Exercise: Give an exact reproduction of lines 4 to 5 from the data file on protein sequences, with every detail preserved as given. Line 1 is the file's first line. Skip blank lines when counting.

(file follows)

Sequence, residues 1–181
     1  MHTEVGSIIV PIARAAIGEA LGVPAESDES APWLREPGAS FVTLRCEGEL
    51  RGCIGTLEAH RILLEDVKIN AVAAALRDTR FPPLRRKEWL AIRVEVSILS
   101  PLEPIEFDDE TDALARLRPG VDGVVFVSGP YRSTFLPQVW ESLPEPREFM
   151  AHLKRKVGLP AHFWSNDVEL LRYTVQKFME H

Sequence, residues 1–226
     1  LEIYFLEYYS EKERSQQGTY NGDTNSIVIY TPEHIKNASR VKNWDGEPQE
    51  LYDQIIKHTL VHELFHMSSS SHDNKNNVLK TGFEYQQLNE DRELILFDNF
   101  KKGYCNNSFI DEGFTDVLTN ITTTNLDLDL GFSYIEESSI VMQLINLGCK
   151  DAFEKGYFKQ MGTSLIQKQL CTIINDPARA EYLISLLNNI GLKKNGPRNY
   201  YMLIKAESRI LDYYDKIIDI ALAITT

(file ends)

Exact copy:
   101  PLEPIEFDDE TDALARLRPG VDGVVFVSGP YRSTFLPQVW ESLPEPREFM
   151  AHLKRKVGLP AHFWSNDVEL LRYTVQKFME H